Debate over gun control will likely continue in Olympia
The debate over gun control in Washington state is not over.
This week, voter-approved Initiative 594, which expands background checks on online and personal gun sales, went into effect.
Fresh off their victory, advocates for stricter gun laws announced they will also push for tighter regulations in Olympia this legislative session.
The Center for Gun Responsibility and Washington Alliance for Gun Responsibility outlined a series of goals;
* Make an adult criminally liable if a child uses his or her gun to hurt others
*Notify family members or survivors when a firearm is returned to a person after it had been removed
*Boost mental health funding
*Add to the list of convictions for crimes that would would make it illegal for a person to buy or possess guns
There will undoubtedly be a lot of push back. Democrats control the House, but the upper chamber has a Republican majority.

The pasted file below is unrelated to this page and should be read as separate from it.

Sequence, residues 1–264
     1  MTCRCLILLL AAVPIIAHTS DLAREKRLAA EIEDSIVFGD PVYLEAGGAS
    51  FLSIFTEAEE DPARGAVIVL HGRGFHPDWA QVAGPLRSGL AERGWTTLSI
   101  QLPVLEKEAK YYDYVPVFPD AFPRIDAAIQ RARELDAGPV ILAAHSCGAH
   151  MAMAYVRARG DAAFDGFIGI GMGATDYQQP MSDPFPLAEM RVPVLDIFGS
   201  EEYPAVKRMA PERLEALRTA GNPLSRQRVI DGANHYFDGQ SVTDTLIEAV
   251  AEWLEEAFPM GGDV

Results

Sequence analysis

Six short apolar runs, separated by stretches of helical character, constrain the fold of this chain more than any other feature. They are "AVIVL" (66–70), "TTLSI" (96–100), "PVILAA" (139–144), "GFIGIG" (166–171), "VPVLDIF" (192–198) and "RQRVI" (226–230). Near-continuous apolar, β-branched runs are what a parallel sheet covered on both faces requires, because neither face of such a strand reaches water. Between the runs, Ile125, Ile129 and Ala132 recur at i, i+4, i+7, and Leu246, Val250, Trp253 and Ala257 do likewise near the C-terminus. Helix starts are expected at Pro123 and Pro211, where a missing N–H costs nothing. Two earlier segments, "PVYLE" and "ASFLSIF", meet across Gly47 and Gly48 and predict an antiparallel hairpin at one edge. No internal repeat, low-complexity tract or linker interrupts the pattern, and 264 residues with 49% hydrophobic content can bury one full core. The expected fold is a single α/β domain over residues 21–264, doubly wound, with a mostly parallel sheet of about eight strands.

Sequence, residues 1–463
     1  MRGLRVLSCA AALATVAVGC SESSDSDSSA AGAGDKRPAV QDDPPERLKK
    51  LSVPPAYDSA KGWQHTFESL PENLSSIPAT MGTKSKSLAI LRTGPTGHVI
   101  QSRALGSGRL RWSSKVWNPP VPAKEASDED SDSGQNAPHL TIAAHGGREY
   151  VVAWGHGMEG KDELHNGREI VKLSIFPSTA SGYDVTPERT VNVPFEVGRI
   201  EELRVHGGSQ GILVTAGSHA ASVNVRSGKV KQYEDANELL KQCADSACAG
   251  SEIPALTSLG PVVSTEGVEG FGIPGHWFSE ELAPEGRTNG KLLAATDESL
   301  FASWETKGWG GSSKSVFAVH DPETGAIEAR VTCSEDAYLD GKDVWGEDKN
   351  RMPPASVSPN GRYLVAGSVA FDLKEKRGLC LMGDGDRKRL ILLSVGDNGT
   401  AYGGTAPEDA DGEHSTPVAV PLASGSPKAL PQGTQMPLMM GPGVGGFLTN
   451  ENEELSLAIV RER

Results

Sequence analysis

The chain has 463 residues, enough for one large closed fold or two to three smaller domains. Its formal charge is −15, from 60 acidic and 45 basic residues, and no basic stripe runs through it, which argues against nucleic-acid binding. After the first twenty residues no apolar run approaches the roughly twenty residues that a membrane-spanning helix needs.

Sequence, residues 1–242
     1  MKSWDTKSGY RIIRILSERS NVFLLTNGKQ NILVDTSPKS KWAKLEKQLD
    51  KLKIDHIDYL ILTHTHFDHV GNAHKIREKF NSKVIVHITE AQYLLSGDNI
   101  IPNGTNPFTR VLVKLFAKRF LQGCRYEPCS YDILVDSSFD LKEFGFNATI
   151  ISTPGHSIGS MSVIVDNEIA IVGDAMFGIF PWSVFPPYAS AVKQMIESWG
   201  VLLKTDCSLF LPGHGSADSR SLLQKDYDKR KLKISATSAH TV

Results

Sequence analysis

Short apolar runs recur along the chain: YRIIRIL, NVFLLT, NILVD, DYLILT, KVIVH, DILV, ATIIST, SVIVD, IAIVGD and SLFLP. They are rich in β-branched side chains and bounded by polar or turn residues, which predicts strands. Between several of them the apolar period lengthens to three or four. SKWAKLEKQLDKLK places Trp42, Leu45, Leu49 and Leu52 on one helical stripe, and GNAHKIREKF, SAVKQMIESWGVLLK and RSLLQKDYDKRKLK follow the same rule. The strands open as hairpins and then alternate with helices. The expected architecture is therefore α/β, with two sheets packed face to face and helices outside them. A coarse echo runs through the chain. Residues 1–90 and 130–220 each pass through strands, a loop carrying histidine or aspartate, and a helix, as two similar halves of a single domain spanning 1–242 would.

Alan Gottlieb, who fought against I-594, told The Seattle Times that he was worried gun-control supporters were overreaching.
And the debate over I-594 likely isn’t over yet, either. Lawmakers can’t alter I-594 without a two-thirds vote for two years. After that, it would only take a simple majority to change the initiative.
Rep. Liz Pike, R-Camas, wrote in her recent newsletter she has concerns about the law.
“This measure passed statewide with just over 59 percent of the vote, so it is the will of the people,” Pike said. “That said, I do believe there are troubling provisions within it that need to be addressed, while upholding the intent of the law, which is to prevent firearms from getting into the wrong hands.”
Pike said during the session she will “meet with interested parties to see how we can work to improve this new law, while protecting the rights of law-abiding gun owners.”